15 Common Phrases Liberals Label As ‘Un-Woke’  

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Language is always evolving, and staying updated isn’t just about being trendy but also about being respectful and inclusive. Here are some common sayings and phrases that have raised eyebrows in more progressive circles and why they’re problematic.

“Hold Down the Fort”


Ever wonder why “Hold Down the Fort” feels a bit off? This phrase stems from military jargon but carries the weight of colonial history, hinting at the occupation of Indigenous lands. A better alternative would be “Keep an eye on things.” It is straightforward and avoids any uncomfortable historical baggage.

“Ladies and Gentlemen”

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When addressing a crowd, phrases like “Ladies and Gentlemen” might seem polite, but they exclude those who don’t fit within the gender binary. Try using “Everyone” or “Folks.” These options are inclusive, friendly, and modern.

“Pull Yourself Up by Your Bootstraps”

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The idea behind “pull yourself up by your bootstraps” is misleading, suggesting success is purely about individual effort while ignoring systemic barriers. A more supportive phrase? Consider, “Let’s find a solution together.” This acknowledges that sometimes, teamwork makes the dream work.



Using the term “Pow-Wow” for a casual meeting is inappropriate. It is also a misappropriation of a term with deep cultural and spiritual significance for Indigenous peoples.



To call a girl a “tomboy” for enjoying “boyish” activities perpetuates outdated gender stereotypes. Celebrate their interests without the labels by saying, “She loves playing soccer,” or whatever the activity may be.


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“Exotic” may seem like a compliment, but in fact, it often exoticizes and otherizes people and cultures. Opt for words like “unique” or “captivating” instead. They convey admiration without reducing someone to an exotic novelty.

“Merry Christmas”


Not everyone celebrates Christmas, so defaulting to this greeting can feel exclusionary. “Happy Holidays” covers all bases and ensures everyone feels included during the festive season.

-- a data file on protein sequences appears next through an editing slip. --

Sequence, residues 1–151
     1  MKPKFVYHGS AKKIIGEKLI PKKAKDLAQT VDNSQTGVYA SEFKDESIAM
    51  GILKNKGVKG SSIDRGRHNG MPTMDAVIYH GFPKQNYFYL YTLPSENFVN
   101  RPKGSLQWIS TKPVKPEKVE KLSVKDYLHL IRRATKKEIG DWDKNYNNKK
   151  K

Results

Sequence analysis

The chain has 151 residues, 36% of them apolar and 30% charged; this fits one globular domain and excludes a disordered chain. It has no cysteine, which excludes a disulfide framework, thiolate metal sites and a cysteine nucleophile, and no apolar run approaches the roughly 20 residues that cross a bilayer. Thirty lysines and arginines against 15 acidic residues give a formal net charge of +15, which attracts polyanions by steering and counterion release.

“Boys Will Be Boys”

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The phrase “boys will be boys” excuses unacceptable behavior by attributing it to gender. A more equitable approach? Say, “Kids will be kids,” or better yet, address the behavior directly. Holding everyone to the same standard is key.


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If you use the word “normal,” it implies that everything else is abnormal. Swap it out for “typical” or “standard.” This small change makes a big difference in fostering inclusivity.

“I Don’t See Color”

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Claiming not to see color can dismiss the real experiences and struggles of people of color. Acknowledge and appreciate diversity with, “I appreciate all backgrounds.” It’s a way to show you value everyone’s unique identity.

“Bless You”

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Some people don’t share the religious context of “bless you.” Try “Gesundheit” (German for “health”) or simply “Take care.” Both options are thoughtful and non-religious.

“Peanut Gallery”

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Originally, the “peanut gallery” referred to the cheapest, often segregated, seats in a theater. To avoid the classist and racist undertones, say, “Those in the back,” if you must reference seating at all.

“Blind Leading the Blind”

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This phrase uses disability as a metaphor for incompetence, which can be offensive. Instead, try “uninformed leading the uninformed.” It’s sensitive and gets the point across.

“Drink the Kool-Aid”

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Referencing the tragic Jonestown Massacre, “Drink the Kool-Aid” trivializes a horrific event. A more appropriate phrase would be “blindly follow.” It’s just as impactful without the grim connotations.

“Too Many Chiefs, Not Enough Indians”


Offensive to Native Americans, this phrase can easily be replaced with “Too many leaders, not enough workers.” It conveys the same idea without cultural insensitivity.


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